Daily global carbon dioxide emissions fell by 17% in April, according to a new study.
The study, which was published in the journal Nature Climate Change on Tuesday, found that during the height of coronavirus-related lockdowns early last month, daily worldwide CO2 emissions fell nearly 19 million tons compared to the daily average for 2019. According to the study, the last time carbon pollution levels were this low was 2006.
Researchers attributed the drop primarily to reduced traffic from cars, buses and trucks, which accounted for nearly half of the decrease in emissions. During that period, the U.S. cut its CO2 levels by about one-third, with California and Washington seeing the largest declines.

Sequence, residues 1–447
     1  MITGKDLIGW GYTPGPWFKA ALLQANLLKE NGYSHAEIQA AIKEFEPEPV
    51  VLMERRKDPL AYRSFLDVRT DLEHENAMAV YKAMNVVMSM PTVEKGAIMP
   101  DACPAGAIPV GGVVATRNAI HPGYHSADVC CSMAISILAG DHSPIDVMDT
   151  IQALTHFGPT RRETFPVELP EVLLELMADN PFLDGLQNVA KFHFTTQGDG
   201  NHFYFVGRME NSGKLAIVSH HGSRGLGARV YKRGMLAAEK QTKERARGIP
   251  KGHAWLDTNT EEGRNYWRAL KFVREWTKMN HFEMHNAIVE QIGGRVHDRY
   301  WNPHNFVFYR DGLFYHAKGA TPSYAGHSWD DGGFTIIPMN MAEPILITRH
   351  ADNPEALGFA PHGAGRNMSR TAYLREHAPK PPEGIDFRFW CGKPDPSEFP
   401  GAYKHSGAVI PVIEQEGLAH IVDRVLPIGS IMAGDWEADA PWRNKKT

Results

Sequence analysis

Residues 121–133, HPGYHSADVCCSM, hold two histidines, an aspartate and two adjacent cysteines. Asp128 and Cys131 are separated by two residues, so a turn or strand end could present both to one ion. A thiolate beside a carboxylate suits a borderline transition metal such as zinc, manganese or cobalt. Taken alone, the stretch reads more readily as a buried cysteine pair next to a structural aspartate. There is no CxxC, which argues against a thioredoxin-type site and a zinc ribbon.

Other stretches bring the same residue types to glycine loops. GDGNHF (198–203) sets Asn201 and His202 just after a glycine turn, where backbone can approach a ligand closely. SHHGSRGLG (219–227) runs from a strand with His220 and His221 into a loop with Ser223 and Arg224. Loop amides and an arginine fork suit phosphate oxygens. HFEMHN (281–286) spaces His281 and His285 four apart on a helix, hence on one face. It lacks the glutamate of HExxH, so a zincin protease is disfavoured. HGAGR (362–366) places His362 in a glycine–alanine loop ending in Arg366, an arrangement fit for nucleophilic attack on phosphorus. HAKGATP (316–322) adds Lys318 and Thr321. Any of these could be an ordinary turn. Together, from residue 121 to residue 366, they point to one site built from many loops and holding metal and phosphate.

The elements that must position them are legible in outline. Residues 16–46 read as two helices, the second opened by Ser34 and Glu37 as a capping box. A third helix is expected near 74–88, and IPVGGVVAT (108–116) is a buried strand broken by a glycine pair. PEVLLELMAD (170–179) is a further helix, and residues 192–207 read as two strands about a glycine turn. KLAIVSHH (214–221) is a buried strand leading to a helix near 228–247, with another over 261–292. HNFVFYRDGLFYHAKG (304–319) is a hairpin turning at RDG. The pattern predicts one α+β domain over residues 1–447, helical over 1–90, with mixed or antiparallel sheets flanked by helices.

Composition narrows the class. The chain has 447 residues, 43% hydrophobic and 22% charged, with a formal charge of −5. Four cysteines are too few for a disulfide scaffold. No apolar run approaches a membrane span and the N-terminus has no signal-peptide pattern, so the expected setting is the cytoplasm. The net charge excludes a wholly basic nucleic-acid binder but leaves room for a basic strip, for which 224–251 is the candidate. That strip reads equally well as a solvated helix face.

But researchers say the drop in pollution probably won't last through the rest of the year, as more countries begin easing restrictions. They estimate global emissions for 2020 will end up between 4% and 7% lower than in 2019, depending on how long restrictions stay in place and how long it takes people to get back to their usual activities.